The 2022 HRP seeks close to US$1.5 billion to assist 5.5 million of the most vulnerable people in Somalia.
MOGADISHU, Somalia, December 20, 2021 – The United Nations and humanitarian partners in Somalia have released the 2022 Humanitarian Response Plan (HRP) for Somalia, which is facing three consecutive failed rainy seasons for the first time in 30 years.
The 2022 HRP seeks close to US$1.5 billion to assist 5.5 million of the most vulnerable people in Somalia. To meet the immediate needs of drought-affected communities, the UN is releasing US$17 million from the Central Emergency Response Fund (CERF), bringing CERF funding for Somalia in 2021 to $52 million. This is in addition to just under $60 million provided by donors to the Somalia Humanitarian Fund.
“The lives of the people in Somalia are on the line, and we have no time to lose,” said the UN Humanitarian Chief Martin Griffiths. “To save lives in Somalia and avert another humanitarian catastrophe, we must release funding now so that people can protect themselves from further hunger and impoverishment. I am releasing $17 million from the Central Emergency Response Fund today to enable humanitarians to scale up critical operations. I count on other donors to follow this lead and urge them to generously support the Somalia Humanitarian Fund.”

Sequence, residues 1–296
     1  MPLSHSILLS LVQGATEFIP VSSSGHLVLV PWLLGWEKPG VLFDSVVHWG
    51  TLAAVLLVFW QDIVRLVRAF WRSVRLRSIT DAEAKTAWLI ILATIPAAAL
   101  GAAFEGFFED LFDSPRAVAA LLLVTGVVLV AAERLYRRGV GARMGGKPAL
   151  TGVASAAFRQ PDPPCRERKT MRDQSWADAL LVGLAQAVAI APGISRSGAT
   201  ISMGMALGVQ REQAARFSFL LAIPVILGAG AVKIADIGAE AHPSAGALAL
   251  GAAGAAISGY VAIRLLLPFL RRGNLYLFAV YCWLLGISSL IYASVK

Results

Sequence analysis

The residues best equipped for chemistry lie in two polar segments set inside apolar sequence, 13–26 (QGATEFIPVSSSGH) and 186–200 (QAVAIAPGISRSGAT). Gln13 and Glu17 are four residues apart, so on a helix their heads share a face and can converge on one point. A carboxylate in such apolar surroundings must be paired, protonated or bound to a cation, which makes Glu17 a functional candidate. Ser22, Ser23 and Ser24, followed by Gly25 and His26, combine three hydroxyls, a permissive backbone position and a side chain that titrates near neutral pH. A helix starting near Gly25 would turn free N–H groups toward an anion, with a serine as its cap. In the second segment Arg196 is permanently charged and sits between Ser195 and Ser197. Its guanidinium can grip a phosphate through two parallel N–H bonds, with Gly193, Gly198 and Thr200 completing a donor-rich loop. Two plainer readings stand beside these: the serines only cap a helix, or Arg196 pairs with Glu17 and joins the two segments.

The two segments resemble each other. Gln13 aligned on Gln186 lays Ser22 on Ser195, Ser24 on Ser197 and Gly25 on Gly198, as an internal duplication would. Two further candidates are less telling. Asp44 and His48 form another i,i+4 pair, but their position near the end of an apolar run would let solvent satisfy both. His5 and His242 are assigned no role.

People in Somalia have endured decades of conflict, recurrent climate shocks, and disease outbreaks, including the impacts of the COVID-19 pandemic. A prolonged desert locust infestation has impacted also harvests and livelihoods. At least seven in 10 people in Somalia live below the poverty line.
An estimated 7.7 million Somalis will require humanitarian assistance and protection in 2022, marking a 30 per cent rise in needs in just one year.
The HRP will prioritize life-saving assistance for 5 million of the most vulnerable people, including 1 million children under 5, by decreasing the prevalence of hunger, acute malnutrition, public health threats and outbreaks, abuse, violence, and exposure to explosive ordinances by the end of the year. In addition, partners will attempt to sustain the lives of 5.5 million people requiring humanitarian assistance, including 3.9 million non-IDPs, 1.6 million IDPs and people with disability across 74 districts, by ensuring safe, equitable and dignified access to livelihoods and essential services. Finally, the humanitarian response in Somalia aims to uphold commitments to the centrality of protection.